The most fundamental mistakes managers make when they're coaching is that they coach to the situation and not to the issue(s). Let me give you a brief example. Let's say you walk by and you hear three people at the water cooler gossiping and talking negatively about other people. You hear them demonstrating very mean spirited comments. They are really being poor teammates and employees. Often, we might address those situations feeling like we've corrected them when in fact we have not even started to coach to the real issues which might be poor attitude or a lack of teamwork or not upholding corporate values and principles. We tend to have managers thinking about coaching as an apparatus to fix things or to adjust people.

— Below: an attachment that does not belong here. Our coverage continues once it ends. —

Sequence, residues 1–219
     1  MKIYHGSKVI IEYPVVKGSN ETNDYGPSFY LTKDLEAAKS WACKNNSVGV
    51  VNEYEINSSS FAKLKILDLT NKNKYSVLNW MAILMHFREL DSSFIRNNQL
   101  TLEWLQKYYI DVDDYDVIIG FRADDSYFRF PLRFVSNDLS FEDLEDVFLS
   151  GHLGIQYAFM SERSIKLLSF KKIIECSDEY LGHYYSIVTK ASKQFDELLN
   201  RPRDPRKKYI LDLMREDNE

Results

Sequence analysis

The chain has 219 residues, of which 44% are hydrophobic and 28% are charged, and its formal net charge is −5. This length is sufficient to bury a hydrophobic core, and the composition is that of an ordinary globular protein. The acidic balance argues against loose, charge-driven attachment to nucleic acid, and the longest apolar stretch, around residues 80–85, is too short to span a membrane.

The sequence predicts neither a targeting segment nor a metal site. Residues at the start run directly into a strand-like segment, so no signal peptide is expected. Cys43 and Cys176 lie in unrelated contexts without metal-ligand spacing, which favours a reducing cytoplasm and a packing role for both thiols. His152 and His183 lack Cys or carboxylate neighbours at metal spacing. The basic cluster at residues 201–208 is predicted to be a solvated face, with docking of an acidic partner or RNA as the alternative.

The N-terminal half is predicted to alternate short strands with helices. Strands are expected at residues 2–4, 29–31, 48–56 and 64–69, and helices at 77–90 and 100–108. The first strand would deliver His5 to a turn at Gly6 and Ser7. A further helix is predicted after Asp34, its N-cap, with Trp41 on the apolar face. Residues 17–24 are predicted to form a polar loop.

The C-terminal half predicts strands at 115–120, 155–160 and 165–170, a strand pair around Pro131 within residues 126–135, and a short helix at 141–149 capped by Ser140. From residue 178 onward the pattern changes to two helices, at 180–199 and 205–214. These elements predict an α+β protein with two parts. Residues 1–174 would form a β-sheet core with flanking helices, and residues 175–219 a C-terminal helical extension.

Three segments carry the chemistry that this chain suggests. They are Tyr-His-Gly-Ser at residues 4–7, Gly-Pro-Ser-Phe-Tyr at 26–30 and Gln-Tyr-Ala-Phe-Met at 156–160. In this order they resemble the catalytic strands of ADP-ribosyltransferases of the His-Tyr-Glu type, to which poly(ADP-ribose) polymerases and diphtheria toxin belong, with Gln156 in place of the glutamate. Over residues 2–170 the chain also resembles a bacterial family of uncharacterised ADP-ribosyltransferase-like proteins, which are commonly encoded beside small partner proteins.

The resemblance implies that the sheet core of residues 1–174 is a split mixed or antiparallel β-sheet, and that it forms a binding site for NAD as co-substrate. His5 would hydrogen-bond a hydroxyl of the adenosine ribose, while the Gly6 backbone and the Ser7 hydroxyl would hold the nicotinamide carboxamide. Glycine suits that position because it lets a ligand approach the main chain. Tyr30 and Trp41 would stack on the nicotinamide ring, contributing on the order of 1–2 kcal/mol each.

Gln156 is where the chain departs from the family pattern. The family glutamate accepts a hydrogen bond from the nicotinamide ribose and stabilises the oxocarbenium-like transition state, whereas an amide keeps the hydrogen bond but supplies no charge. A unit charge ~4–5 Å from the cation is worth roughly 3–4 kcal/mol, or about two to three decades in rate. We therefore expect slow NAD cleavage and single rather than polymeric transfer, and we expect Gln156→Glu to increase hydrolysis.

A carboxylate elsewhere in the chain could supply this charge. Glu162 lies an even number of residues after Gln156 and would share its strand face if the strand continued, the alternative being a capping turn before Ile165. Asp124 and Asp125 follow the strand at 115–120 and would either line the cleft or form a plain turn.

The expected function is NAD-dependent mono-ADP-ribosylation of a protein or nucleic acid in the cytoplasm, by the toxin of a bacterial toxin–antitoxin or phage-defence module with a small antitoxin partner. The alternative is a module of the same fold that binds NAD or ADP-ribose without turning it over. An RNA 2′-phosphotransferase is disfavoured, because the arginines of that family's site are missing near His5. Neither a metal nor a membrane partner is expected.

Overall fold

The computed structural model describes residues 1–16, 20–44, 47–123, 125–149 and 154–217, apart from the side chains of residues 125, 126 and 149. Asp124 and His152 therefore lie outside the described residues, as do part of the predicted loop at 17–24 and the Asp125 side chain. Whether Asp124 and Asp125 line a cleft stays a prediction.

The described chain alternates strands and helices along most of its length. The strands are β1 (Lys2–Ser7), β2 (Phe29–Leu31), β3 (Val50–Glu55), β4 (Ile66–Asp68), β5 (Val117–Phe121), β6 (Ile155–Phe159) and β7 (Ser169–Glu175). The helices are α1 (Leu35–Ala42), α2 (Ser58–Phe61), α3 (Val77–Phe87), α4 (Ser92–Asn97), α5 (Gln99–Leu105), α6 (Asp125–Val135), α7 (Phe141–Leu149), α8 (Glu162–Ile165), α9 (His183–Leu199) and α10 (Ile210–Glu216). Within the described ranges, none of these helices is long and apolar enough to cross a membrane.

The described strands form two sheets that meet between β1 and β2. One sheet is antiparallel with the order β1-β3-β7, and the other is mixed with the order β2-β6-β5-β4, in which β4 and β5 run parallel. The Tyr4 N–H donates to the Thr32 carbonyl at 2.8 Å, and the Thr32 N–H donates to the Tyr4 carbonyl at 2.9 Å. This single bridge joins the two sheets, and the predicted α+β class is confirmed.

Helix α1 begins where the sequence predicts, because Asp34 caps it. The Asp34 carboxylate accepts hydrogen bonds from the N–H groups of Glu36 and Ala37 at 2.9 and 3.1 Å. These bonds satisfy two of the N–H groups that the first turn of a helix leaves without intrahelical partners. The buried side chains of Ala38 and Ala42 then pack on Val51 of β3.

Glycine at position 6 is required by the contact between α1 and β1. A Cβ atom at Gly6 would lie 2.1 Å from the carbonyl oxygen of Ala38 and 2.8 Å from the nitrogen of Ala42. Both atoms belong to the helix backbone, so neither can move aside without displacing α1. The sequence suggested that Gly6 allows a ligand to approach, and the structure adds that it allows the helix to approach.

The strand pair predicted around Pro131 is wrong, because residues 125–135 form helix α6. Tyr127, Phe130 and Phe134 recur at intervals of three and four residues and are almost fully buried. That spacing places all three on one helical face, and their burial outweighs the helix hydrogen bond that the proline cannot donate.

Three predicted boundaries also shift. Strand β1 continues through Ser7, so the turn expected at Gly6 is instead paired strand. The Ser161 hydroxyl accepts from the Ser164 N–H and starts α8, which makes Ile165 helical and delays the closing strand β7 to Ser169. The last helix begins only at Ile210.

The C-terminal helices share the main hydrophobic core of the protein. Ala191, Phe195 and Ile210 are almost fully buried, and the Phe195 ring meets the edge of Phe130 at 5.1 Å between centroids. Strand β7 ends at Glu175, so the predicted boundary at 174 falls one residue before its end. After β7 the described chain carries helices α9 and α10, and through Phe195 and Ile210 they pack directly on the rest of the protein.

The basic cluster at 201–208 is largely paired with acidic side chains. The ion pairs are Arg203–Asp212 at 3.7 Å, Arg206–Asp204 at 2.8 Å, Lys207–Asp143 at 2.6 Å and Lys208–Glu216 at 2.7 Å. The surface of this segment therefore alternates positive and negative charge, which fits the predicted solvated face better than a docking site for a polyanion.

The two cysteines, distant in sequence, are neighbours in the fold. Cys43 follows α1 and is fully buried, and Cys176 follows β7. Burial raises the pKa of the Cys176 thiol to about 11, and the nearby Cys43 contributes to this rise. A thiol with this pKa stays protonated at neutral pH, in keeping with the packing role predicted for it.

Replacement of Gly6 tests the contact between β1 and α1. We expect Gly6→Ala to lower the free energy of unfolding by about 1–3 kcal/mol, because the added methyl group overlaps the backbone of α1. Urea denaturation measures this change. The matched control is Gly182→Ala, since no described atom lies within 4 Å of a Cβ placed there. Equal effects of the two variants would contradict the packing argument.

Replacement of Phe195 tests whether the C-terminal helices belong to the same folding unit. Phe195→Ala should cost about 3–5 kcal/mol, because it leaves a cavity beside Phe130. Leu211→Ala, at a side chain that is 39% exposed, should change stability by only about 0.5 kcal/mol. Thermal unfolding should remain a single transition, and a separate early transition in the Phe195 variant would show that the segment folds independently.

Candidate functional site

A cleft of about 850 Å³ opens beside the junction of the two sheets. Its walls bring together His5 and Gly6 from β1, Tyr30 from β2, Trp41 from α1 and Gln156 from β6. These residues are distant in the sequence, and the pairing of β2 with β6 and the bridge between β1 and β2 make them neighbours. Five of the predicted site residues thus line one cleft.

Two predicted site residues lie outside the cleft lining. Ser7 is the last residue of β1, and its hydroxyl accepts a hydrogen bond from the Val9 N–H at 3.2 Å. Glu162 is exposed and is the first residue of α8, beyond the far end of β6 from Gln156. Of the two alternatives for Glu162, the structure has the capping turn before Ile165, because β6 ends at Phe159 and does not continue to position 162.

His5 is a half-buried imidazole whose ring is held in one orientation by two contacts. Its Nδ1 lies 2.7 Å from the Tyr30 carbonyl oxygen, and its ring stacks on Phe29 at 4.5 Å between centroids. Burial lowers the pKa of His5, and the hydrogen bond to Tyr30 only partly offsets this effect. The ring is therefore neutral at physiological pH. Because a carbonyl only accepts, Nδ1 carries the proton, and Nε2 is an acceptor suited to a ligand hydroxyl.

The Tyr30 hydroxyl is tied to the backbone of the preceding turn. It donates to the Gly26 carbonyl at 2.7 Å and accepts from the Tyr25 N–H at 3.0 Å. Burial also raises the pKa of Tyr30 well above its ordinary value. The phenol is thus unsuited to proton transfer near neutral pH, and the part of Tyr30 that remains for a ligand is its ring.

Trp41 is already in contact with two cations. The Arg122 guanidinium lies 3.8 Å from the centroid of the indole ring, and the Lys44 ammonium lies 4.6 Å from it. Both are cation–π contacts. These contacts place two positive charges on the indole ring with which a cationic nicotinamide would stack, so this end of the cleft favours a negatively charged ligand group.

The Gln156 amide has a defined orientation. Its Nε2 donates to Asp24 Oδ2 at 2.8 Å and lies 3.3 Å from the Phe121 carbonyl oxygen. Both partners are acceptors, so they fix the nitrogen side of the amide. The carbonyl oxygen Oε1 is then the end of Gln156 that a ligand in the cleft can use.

The purpose of coaching is progress. We coach to help employees progress toward their goals and eventually achieve them. Coaching is the means to a successful end. Progress can be seen in many aspects of an employee and their work. Motivation, attitude, engagement, effort, relationships, etc. all show how an employee is progressing, and each of those aspects is developed by coaching. Progress develops from good coaching techniques. Here are 7 coaching techniques to help increase progress.